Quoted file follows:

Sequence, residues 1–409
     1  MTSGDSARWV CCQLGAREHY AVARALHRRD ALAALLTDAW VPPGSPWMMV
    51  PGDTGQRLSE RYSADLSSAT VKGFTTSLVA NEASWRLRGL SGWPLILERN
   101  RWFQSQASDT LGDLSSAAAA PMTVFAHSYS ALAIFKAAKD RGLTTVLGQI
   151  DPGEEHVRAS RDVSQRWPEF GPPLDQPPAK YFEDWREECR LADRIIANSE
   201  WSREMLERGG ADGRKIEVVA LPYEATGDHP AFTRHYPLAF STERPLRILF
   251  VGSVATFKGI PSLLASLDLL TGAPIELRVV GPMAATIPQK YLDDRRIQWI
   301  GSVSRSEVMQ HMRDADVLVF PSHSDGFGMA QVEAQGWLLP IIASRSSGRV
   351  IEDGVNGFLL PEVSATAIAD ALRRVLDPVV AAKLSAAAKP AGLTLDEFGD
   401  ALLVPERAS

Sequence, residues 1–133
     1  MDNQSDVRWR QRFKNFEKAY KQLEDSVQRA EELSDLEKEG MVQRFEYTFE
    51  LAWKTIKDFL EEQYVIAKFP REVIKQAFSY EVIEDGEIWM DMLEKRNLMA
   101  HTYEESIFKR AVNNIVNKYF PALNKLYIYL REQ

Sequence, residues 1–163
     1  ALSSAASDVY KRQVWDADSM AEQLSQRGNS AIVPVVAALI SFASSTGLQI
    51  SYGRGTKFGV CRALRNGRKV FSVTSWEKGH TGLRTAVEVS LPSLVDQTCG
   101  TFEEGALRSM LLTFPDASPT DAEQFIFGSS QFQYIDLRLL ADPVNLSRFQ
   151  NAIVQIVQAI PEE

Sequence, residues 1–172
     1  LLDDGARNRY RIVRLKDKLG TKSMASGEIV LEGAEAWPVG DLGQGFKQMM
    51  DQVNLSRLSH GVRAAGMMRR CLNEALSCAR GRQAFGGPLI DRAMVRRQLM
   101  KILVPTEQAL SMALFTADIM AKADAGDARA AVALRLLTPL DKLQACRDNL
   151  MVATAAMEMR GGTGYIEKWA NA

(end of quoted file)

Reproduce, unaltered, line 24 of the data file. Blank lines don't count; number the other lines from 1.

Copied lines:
   151  MVATAAMEMR GGTGYIEKWA NA